It is difficult to pick up a thick volume titled Life and Fate, learn that it includes a great many characters and is about a war between Russia and another European country – and not think of War and Peace.  Even the title alone, at least to an English ear, sounds like a parody – and perhaps not only of War and Peace, but of long Russian novels in general.  In spite of this, the relationship between Grossman and Tolstoy is not as one might think.

Grossman’s daughter, Yekaterina Korotkova, and other writers of memoirs agree that the writer Grossman loved most of all was Anton Chekhov.  And in Life and Fate (Part I, chapter 64), Leonid Madyarov, a fictional historian, pays Chekhov a long and eloquent tribute: “Chekhov brought Russia into our consciousness in all its vastness – with people of every estate, every class, every age…   More than that!  It was as a democrat that he presented all these people – as a Russian democrat.  He said – and no one had said this before, not even Tolstoy – that first and foremost we are all of us human beings.  Do you understand?  Human beings! […]  Chekhov is the bearer of the greatest banner that has been raised in the thousand years of Russian history – the banner of a true, humane, Russian democracy, of Russian freedom, of the dignity of the Russian man.  Our Russian humanism has always been cruel, intolerant, sectarian.  […]  Even Tolstoy, with his doctrine of non-resistance to Evil, is intolerant – and his point of departure is not man but God.”

There is no doubt that Madyarov is giving voice to Grossman’s own beliefs and that Madyarov’s misgivings about Tolstoy are also Grossman’s.  On the other hand, War and Peace was clearly of immense importance to Grossman both during the war itself and during the following fifteen years, while he was writing the two novels that constitute his Stalingrad dilogy: first Stalingrad (also titled For a Just Cause) and then Life and Fate.  Grossman himself wrote, ‘During the whole war, the only book that I read was War and Peace, which I read twice.’[1] And Grossman’s daughter Yekaterina Korotkova concludes a brief summary of her volume of memoirs with the words: ‘I remember a letter of his from Stalingrad: “Bombers. Shelling. Hellish thunder. It’s impossible to read.” And then, unexpectedly: “It’s impossible to read anything except War and Peace.”’[2]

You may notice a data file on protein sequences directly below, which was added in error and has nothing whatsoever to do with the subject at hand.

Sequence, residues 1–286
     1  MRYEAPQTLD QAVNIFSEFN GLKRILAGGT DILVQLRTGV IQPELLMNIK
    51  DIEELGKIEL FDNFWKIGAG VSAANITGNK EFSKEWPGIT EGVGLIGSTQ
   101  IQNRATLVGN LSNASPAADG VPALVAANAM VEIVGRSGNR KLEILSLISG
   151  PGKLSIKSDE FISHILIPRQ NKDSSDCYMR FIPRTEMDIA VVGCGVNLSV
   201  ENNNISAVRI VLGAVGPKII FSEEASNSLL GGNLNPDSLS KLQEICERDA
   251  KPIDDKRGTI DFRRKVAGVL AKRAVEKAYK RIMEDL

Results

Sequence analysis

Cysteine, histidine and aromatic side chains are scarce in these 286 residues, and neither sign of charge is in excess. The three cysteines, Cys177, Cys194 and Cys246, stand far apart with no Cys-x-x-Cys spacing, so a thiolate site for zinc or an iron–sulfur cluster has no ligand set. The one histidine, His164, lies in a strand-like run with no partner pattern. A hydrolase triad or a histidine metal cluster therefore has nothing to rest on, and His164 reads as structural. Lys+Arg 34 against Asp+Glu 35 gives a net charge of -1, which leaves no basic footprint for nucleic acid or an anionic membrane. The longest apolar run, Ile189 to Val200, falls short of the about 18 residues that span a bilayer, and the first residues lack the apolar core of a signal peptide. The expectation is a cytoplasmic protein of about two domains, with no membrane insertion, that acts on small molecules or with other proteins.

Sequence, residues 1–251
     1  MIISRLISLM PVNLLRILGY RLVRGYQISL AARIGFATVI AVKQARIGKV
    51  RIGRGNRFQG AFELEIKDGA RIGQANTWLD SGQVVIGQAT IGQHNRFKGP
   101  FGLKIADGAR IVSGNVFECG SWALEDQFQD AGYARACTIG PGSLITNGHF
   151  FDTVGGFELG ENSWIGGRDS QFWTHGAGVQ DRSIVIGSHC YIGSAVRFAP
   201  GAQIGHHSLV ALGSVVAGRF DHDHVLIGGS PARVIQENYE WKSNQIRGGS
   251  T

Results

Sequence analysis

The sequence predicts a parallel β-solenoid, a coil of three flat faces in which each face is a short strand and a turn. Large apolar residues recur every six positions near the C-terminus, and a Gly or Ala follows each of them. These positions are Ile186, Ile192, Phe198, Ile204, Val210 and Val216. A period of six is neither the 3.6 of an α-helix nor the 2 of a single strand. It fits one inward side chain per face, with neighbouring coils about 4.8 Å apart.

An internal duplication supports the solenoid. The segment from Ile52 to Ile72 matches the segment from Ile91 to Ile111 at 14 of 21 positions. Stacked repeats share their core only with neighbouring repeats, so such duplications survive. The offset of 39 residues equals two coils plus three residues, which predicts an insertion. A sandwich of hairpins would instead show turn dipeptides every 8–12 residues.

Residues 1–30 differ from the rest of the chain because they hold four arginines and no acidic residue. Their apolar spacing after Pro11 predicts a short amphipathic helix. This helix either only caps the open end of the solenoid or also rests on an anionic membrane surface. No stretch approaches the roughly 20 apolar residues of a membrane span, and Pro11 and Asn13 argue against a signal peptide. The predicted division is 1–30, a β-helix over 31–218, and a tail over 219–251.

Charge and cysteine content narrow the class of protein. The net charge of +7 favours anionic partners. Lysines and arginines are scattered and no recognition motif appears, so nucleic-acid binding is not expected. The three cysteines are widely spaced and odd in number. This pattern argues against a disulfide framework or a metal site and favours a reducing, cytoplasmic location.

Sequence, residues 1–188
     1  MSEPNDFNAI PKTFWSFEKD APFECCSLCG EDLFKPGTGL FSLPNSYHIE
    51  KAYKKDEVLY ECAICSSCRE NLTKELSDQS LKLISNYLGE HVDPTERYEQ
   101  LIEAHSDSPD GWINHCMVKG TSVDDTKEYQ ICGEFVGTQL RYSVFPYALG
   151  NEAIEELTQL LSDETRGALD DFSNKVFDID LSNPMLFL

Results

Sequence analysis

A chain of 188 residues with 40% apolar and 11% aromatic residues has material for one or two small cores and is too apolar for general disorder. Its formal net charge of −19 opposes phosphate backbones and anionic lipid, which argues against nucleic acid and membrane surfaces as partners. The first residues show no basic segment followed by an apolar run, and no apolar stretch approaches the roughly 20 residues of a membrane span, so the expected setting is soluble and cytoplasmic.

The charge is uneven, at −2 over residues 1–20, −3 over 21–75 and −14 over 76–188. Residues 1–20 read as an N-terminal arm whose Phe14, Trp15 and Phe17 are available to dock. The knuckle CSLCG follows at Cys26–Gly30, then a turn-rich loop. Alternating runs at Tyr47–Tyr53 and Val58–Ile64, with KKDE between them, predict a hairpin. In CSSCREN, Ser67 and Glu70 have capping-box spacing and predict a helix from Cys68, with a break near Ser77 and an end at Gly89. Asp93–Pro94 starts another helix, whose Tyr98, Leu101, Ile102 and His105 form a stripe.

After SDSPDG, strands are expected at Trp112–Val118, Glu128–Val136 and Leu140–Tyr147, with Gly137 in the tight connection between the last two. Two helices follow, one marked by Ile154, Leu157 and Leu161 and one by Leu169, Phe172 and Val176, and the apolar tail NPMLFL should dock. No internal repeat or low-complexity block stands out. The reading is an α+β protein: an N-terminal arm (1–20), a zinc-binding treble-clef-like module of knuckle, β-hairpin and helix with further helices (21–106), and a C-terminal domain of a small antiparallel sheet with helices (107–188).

Leo Tolstoy has probably never been read as widely and attentively as in the Soviet Union during the Second World War.  War and Peace was broadcast at length on the radio.  According to Lydia Ginzburg, many people during the Blockade of Leningrad read it as a guide to how they should conduct themselves.  And the historian Jochen Hellbeck has written, “Chuikov revealed that he gauged his own performance based on Tolstoy’s generals; General Rodimtsev reported reading the novel three times.  The People’s Commissariat for Education printed brochures with instructions on how to make War and Peace —notorious for its length and complicated plot—accessible for soldiers.”[3]  The authorities did, of course, have every reason to promote the novel.  Tolstoy was seen as a forerunner of Soviet socialist realism and the novel’s implications for the outcome of the war were obviously positive.

After the Soviet victory, the Soviet literary and political establishment wanted someone to memorialize the war; they wanted a Red Tolstoy, a Soviet War and Peace.  Vasily Grossman was ready to take on this challenge.  His Stalingrad dilogy is still more ambitious in scope than Tolstoy’s novel.  But Grossman understood only too well that he lived in a very different world and that he could not simply copy Tolstoy. 

Firstly, he needed to question Tolstoy.  The following paragraphs are from his account, in Stalingrad of Commissar Krymov’s visit in late 1941 to Yasnaya Polyana:

The storm that had flung open every door in Russia, that had driven people out of their warm homes and onto black autumn roads, sparing neither peaceful city apartments, nor village huts, nor hamlets deep in the forest, had treated Lev Tolstoy’s home no less harshly.  It too was preparing to leave, in rain and snow, along with the entire country, the entire people.  Yasnaya Polyana was a living, suffering Russian home – one of thousand upon thousand of such homes.  With absolute clarity, Krymov saw in his mind Bald Hills and the old, sick Prince.  The present merged with the past; the events of today were one with what Tolstoy, in his novel, had described with such truth and power that it had become the supreme reality of a war that had run its course one hundred and thirty years before.